Posted on Friday, November 8th, 2013 at 6:13 PM by Paul Izod
Across every genre of entertainment there are specific titles or releases that become synonymous with failure, that in the eyes of fans and critics alike embody the worst that the genre has to offer. They become the universal butt of any joke in that medium, the yardstick against which every other poorly-received release is measured. Movies have Highlander 2: The Quickening, for example. So derided is that film that its spawned a number of fan-edited remakes to try and salvage it.
The funny thing is, until recently gaming didn’t really seem to have such a thing. Yes, there are a great many games that fans were embarrassed about, that made them cringe when confronted with; games like BMX XXX and the like. Yes, there have been plenty of truly awful games that have received comprehensive negative reaction; games like Kane and Lynch. But there never really seemed to be a game that achieved that mythical meme-like state of universal derision.
Until, that is, Square Enix unleashed Final Fantasy XIII upon the world.
The reaction to the game was, more or less, completely negative. Now, when gamers are trying to emphasise how bad ‘Insert title here’ is in their own hyperbolic way, they will invariably break out the ‘as bad as Final Fantasy XIII’ tag.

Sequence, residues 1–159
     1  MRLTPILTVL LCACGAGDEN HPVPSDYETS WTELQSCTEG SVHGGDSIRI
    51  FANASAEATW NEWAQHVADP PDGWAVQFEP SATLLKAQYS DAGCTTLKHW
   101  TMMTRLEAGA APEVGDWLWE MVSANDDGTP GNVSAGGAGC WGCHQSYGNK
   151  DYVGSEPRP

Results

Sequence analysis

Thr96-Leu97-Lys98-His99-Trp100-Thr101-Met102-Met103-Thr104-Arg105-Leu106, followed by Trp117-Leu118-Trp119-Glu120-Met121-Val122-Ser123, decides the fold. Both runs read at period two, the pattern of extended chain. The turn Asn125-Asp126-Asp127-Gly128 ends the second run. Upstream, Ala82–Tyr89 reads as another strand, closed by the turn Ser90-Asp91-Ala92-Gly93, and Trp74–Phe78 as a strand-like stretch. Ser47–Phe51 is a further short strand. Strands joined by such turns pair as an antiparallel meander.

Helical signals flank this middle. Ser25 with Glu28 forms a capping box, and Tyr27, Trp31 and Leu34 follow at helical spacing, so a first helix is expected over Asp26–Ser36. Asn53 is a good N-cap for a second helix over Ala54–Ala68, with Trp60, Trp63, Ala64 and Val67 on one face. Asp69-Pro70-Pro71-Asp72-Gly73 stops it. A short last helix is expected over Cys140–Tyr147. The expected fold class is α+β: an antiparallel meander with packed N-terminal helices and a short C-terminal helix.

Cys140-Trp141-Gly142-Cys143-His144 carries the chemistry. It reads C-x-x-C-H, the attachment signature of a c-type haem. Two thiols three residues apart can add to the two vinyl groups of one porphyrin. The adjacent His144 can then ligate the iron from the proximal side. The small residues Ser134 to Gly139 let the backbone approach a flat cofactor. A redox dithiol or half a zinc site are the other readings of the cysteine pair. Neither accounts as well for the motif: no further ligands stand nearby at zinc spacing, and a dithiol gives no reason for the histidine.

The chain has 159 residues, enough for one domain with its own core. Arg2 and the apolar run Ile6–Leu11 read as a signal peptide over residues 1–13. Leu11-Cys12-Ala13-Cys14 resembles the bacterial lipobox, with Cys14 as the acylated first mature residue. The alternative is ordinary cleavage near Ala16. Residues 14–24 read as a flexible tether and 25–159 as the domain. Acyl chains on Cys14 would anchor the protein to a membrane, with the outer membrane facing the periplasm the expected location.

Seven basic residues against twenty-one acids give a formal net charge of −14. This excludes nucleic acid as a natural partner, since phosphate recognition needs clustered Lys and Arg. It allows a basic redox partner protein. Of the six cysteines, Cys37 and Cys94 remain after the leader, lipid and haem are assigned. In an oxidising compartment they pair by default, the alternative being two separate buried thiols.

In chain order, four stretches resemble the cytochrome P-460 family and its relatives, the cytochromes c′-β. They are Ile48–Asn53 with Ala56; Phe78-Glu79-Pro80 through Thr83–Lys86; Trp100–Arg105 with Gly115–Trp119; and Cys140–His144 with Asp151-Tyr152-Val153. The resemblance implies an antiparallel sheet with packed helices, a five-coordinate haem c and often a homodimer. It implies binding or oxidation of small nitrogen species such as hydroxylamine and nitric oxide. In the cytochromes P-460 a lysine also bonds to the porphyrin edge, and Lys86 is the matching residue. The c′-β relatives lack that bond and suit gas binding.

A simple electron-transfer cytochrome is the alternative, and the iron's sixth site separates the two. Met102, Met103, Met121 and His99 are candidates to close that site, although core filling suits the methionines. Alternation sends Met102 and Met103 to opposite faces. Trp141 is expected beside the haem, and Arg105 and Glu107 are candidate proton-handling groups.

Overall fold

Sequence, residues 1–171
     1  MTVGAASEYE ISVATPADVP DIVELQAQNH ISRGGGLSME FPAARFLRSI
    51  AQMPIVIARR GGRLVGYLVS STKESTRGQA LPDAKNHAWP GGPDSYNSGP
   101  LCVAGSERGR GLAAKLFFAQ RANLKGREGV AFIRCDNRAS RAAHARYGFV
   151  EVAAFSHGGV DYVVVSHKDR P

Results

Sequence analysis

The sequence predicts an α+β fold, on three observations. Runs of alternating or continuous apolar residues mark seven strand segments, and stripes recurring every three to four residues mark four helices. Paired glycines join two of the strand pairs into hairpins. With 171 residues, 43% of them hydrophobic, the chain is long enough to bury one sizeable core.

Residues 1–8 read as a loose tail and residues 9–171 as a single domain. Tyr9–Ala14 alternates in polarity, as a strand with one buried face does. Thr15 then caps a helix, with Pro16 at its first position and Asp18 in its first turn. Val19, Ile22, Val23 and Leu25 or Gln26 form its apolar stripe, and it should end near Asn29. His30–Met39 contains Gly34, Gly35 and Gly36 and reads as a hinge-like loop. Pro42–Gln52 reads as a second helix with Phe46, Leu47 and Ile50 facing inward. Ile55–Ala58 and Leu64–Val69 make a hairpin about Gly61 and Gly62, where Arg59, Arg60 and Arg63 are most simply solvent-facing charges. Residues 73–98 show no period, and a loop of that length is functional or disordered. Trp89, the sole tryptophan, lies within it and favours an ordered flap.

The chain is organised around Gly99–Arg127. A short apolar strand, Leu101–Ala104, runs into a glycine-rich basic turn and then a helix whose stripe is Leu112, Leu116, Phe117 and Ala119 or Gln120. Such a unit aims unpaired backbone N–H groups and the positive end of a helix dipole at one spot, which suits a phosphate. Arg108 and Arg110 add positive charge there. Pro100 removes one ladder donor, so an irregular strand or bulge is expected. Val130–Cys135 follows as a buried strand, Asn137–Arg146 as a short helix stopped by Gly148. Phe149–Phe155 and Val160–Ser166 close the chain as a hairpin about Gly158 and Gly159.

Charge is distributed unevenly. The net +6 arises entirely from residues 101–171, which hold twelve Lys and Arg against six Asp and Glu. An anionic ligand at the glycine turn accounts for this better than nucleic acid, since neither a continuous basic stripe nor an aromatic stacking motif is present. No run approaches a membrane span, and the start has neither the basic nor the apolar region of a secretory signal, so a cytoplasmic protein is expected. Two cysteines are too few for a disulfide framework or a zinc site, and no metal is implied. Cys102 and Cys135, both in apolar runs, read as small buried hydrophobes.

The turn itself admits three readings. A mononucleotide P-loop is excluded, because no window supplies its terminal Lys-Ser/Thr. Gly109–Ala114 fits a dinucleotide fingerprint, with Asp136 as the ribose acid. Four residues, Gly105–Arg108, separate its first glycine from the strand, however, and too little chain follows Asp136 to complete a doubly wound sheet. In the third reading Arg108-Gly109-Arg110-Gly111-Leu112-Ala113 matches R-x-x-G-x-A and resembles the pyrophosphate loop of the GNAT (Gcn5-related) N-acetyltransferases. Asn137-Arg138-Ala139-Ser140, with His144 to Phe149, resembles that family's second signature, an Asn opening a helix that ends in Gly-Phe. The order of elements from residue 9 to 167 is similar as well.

But how did it come to be so? We’ve all seen the videos (there were enough of them about come release date after all) and it actually looked pretty good. What could have happened to cause such widespread revulsion?
Well, the answer is execution: of narrative and of gameplay.
Let me start by stressing something; Final Fantasy is NOT the worst game ever released.
It’s not. No… shut up at the back… it’s really not.
For one, the aesthetics are beautiful, as even the most ardent of detractors must admit. The environmental design and character models are breathtakingly well-realised and feel genuinely iconic. You see an image from the game and can immediately peg it as being from Final Fantasy XIII; always a sign of a good design choice. The mechanics work as they are intended and I never encountered a single bug in my time playing it. Whatever criticisms of the game you can have (and believe me I’ll be coming to those in a second) the game itself is competently put together and in my eyes it’s obvious that there could have been a truly great game lurking in there, if gameplay and narrative decisions had been better judged.
As for those decisions, I would divide them into 3 separate areas: Combat Mechanics, Narrative Structure and Level Design.
Let’s cover off the level design first. While, as I said, the environments are eye-bleedingly pretty, the real problem is contained in the structure of how the various environments are realised. They’re nothing but glorified corridors; a guided and railed linear path set out for you. I know this has been covered a lot in game reviews already, but I think it’s important to look at why that’s such a big problem, especially for a Final Fantasy game.